Who is to blame when a technology error occurs? If there is a problem with telehealth care, the doctors may try and avoid liability by blaming the problem on the patient or the service provider. However, doctors and health care providers have a duty to make sure their patient understands the risks and benefits of any procedure, their options, and the doctor’s recommended treatment. 

Doctors Getting Burned Out From Online Care

Many healthcare companies are taking advantage of telehealth to increase the workload on doctors. If a doctor can see a patient in a matter of minutes through an online chat, then the doctor may be assigned dozens of patient visits every hour. Over the course of a workday or workweek, the doctor can get burned out from the constant workload. 

Healthcare companies see care in the terms of money and time. This can lead to unrealistic expectations of how many patients, files, and reviews a provider may be expected to perform over a workday. Medical burnout and overworked doctors can increase the risk of medical errors, which have serious consequences for patients.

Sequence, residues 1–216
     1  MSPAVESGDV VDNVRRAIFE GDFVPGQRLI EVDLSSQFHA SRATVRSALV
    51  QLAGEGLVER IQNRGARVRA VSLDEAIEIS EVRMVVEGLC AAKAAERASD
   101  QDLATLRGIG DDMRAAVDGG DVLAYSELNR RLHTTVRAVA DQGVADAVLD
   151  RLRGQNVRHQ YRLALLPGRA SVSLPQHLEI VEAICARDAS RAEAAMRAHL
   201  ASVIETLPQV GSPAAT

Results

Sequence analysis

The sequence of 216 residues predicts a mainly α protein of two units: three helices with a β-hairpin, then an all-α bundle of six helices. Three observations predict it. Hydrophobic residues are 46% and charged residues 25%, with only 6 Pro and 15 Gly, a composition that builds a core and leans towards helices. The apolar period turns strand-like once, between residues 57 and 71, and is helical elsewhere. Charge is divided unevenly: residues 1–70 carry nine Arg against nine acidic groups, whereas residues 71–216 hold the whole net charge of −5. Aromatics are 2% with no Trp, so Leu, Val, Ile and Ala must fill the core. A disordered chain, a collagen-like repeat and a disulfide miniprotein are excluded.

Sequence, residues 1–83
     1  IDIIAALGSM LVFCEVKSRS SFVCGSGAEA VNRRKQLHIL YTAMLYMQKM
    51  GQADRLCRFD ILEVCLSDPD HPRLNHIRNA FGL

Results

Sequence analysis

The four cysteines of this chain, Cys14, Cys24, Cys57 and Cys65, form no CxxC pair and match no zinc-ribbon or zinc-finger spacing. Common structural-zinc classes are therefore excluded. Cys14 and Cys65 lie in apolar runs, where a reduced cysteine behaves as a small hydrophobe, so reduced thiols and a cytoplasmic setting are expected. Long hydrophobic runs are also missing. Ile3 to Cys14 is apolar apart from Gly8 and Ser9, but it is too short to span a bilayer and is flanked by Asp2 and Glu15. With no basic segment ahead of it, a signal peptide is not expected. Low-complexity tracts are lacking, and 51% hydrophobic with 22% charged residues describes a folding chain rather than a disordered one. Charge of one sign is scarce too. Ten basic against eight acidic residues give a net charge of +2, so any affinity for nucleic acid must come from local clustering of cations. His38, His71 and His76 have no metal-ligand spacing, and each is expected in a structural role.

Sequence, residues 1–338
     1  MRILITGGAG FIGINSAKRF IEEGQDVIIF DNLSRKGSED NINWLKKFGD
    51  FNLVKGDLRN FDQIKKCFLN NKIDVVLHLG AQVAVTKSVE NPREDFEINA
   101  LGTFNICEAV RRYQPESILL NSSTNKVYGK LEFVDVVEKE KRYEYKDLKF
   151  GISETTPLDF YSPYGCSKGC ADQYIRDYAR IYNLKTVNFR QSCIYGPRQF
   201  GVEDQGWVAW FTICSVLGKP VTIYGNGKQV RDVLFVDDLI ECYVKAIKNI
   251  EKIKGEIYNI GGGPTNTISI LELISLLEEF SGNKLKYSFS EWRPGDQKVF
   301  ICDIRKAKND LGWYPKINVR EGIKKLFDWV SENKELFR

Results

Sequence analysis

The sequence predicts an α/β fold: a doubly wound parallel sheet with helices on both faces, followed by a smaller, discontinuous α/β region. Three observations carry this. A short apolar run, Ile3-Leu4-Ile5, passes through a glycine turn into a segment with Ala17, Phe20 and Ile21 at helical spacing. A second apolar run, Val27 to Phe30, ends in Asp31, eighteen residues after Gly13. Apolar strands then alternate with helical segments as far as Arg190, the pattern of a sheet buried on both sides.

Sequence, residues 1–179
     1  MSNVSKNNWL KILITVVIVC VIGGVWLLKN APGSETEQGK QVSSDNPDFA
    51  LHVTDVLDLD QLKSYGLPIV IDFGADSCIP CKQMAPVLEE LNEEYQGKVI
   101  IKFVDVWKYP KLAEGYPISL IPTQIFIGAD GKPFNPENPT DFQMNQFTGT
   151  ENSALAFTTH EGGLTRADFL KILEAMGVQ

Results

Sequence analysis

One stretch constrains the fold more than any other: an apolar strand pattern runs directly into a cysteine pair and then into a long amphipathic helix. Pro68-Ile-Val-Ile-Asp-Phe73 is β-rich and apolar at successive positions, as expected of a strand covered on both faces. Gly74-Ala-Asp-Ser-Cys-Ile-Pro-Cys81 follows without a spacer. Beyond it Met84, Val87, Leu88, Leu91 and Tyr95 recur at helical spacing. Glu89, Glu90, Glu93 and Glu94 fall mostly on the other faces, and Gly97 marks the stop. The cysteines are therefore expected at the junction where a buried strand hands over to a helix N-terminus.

Telemedicine Malpractice in Maryland

Injury victims of telemedicine malpractice have a limited time to file a lawsuit in Maryland. In most cases, medical malpractice claims must be filed within 5 years of the date the injury occurred. However, if the injury is discovered later, the claim must still be filed within 3 years from the date of discovery. The date of discovery includes the day the plaintiff should have reasonably discovered the injury. There may be additional time for injury victims under the age of 18. If you wait too long to file a claim, your claim may be denied. Contact your Baltimore malpractice attorney as soon as possible after a telemedicine error

Telemedicine Malpractice in Chicago